THIS WEEK'S TIP:
Something to Learn From High Gas Prices
So who isn't bitching about the price of gas right now?
Probably the oil company executives.
I do have to give credit to Phillips 66 though. They have
taken a commodity--gas--and figured out a way to
differentiate their gas from everyone else.
In radio commercials running locally in Omaha they
promote Phillips 66 gas as "higher performing," meaning
that you actually get more miles per gallon, meaning
more for your money.
Now, I'm not sure if I totally believe that, but I do give
them credit for trying. If I'm looking to fill up and I see
two stations across the street from each other, of course
I'm going to pull into the Phillips 66
So, what makes YOU different?
What sets you and your company apart?
What are the advantages you have over your competition?
Let’s face it, lots of companies sell exactly the same thing.
Yet, some thrive while others struggle or go out of business.
What’s the difference?
The Big Three
Most companies can excel in one or two of The Big Three:
2. Product/Service Quality/Functionality
On another radio commercial I heard a great differential
“At One-Hour Heating and Air, if we’re not on time, you
don’t pay a dime.”
I can look out the window of my office and see a Super
Wal-Mart. Their well-known advantage is plastered on
the building: “Always Low Prices. Always.”
There's a local computer company that runs a great
ad differentiating itself from the big-box electronics
retailers by making fun of how technical and impersonal
the big boys are with customers. Their ads end with
this differentiating line,
“Bottom line, we will be cheaper, faster, and more
polite than the computer chain stores.”
The successful companies do an excellent job of
spreading their message, through advertising,
marketing, PR, and sales. That, of course, is the
one aspect you control.
Too many sales reps think that dialing the phone
and reaching a person is actually selling. No, that’s
For example, “Hi Ms. Prospect. I’m Joe Seller with
Contractor's Supply. We sell drywall supplies, and
I’d like to talk to you about what we have and what
Yawn. Worse, it incites resistance.
How about this:
“Hi Ms. Prospect, I’m Joe Seller with Contractor's Supply.
In talking with Jean in your office, I understand that
your installers now spend quite a bit of time leaving
jobs running to your supplier to pick up materials when
they need something. What sets us apart is that we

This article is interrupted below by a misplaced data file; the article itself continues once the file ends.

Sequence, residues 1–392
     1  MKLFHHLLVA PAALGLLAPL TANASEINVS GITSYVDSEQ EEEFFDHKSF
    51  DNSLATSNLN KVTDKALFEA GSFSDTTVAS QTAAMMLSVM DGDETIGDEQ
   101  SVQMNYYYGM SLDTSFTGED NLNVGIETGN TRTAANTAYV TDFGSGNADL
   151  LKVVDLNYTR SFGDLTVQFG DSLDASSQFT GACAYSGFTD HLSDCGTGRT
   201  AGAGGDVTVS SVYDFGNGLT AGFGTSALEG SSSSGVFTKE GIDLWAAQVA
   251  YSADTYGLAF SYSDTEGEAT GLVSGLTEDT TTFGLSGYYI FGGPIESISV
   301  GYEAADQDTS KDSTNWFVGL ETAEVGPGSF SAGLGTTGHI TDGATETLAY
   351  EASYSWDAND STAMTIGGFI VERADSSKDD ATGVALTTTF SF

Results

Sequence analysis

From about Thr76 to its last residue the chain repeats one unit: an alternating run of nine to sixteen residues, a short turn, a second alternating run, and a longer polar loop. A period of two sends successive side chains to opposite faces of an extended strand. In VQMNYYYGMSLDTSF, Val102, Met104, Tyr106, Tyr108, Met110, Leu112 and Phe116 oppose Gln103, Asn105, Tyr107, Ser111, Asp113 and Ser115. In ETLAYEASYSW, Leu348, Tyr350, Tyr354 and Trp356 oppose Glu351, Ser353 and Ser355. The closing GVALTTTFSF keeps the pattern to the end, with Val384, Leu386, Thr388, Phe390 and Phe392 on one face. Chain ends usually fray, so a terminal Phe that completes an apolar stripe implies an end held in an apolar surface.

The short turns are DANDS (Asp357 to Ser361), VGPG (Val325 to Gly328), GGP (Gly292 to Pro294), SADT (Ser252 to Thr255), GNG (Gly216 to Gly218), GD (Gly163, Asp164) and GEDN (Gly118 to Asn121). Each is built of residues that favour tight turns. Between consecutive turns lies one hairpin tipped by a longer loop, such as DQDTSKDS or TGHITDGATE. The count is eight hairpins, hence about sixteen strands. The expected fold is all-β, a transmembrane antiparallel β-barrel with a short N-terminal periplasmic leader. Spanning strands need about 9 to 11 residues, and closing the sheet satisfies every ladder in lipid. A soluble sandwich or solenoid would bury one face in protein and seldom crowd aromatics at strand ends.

have trucks out that offer delivery within an hour when
contractors need something. I’d like to ask a few
questions to see if what we offer might be of value to you.”
Of course, the better opening is dependent on the sales
rep gathering some information before speaking with the
decision maker. Which, by the way, should always
happen on prospecting calls.
We go into detail on how to do this, as well as identifying
advantages, and putting it all into a great opening on the
audio CD, “How to Easily Create Telephone Call Openings
that Stimulate Interest, and Avoid Resistance.” See it at
Here’s an exercise right now for you. Brainstorm and
simply fill in the blanks:
“What sets us apart is ________.”
“What makes us different is _______.”
“Something that you’ll get with us, that no one else
offers is ______.”
I’d bet you could use these, or a variation of these in
your own calls.
Set yourself apart, and you’ll see more sales!
If you are serious about sales, and want access to
the most comprehensive collection of telesales
how-to resources available anywhere, I encourage
you to take advantage of my Telesales
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At the Platinum Level, you will get access to SEVEN
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over 36 issues of the Telephone Prospecting and
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you are really serious about being a sales superstar,
this is an incredible offer you will NOT want to pass up.
QUOTE OF THE WEEK
"The greatest danger for most of us is not that our
aim is too high and we miss it, but that it is too
low and we reach it."
Go and Have Your Best Week Ever!
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